In loop electrosurgical excision procedure, the physician asks you to lie down on an examination table with your feet stirrups. The physician examines the vaginal walls and your cervix through an instrument called a speculum. Anesthesia is used to numb the cervix. The doctor inserts an electrically charged loop made of thin wire into the vagina up to the cervix. The loop passes across your cervix removing the area affected by dysplasia.

A cone-shaped portion of the cervix is removed using a scalpel by cold knife conization that is a minor surgical procedure.

  • Medication: The topical application of medicine to your vaginal intraepithelial neoplasia and the medication is continued for several weeks.
  • Surgical excision: Surgical excision is a procedure where the vaginal intraepithelial neoplasia is removed along with normal tissue.
  • Radiation: In the case of high-risk intraepithelial neoplasia, radiation destroys abnormal cells.
  • Vulvar Dysplasia: Vulvar dysplasia is also known as vulvar intraepithelial neoplasia, an abnormal change in the skin surrounding the vulva, which is an opening out of the vagina.

What are the Risks Associated with Lower Genital Tract Infections treatments?

  • ● Human papillomavirus infection
  • ● Sexual history
  • ● Smoking
  • ● A suppressed immune system
  • ● Sexually transmitted diseases that are different
  • ● Lack of screening tests
  • ● Aging

Results

The risk factors may aggravate the growth of abnormal cells. Hence removing these would provide relief and restore your vaginal health. Genital warts may not require the surgery, but if it is severe, it may require surgery.  The tissue removed will be sent to the lab for further testing. The doctors will instruct when to return to repeat the tests as you may need more pap smear tests.

Risk on surgery

Risks associated with surgery are minimal with the removal of abnormal growth of the cells.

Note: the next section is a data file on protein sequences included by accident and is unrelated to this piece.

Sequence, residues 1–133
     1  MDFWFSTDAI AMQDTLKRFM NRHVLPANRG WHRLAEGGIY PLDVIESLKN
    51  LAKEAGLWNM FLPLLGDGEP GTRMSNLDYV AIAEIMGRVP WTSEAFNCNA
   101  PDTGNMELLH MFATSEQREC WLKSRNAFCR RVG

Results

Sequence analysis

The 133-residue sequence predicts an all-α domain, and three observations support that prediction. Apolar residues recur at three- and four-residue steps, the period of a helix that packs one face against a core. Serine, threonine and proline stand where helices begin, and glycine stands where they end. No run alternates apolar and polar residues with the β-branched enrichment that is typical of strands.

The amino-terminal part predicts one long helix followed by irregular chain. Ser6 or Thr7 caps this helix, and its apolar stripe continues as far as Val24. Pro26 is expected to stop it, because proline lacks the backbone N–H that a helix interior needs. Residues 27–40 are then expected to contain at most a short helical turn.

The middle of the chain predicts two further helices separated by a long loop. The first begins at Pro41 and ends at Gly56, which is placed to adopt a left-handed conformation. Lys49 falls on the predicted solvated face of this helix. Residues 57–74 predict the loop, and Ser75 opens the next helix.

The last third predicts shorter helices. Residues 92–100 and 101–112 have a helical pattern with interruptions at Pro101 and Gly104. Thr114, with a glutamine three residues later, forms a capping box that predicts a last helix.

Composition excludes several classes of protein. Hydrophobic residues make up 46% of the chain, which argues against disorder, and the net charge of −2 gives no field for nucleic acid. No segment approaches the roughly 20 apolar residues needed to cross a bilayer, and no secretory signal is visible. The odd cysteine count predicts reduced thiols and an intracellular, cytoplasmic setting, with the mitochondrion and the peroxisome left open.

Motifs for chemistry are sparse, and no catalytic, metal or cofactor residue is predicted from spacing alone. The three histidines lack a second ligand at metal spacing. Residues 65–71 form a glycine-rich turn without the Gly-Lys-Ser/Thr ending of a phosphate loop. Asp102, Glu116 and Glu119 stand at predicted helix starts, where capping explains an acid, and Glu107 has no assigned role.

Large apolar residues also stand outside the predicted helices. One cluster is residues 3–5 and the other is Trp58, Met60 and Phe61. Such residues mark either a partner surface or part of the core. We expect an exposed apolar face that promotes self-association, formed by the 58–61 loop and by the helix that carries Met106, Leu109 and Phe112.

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FAQ's

How to Prevent the Occurrence of Lower Genital Tract Infections?

Bacteria, fungi, and viruses cause genital tract infections. It can occur even when one sexual partner is infected with the disease. Using condoms can minimize infections; however, some of the Lower Genital Tract Infections can occur without having sex. To prevent the area from being affected, adopt hygienic practices to prevent the growth of unwanted microorganisms.

How Can you Lower your Chances of Getting Cervical Cancer?

Vaccination of HPV
In women, the HPV vaccine prevents the occurrence of vaginal, vulvar, and cervical cancers. Furthermore, protects the anus, mouth, and throat from getting affected.
In men, it prevents cancer occurrence in the mouth, throat, anus, and penis.

What is the Difference Between the Pap Test and the Pelvic Exam?

The physician can examine reproductive organs through the pelvic exam to detect diseases; with the pap test, the pap smear is sent to the laboratory to examine the abnormal cell growth. These tests help in detecting Lower Genital Tract Dysplasia.

How do you Prevent Cervical Cancer from Recurring?

Adopt healthy choices:

  • ● Preventive measures like using condoms
  • ● Refrain from smoking

How can you Lower your Chances of Cervical Screening?

  • ● Refrain from having multiple sexual partners
  • ● Refrain from using any immunosuppressants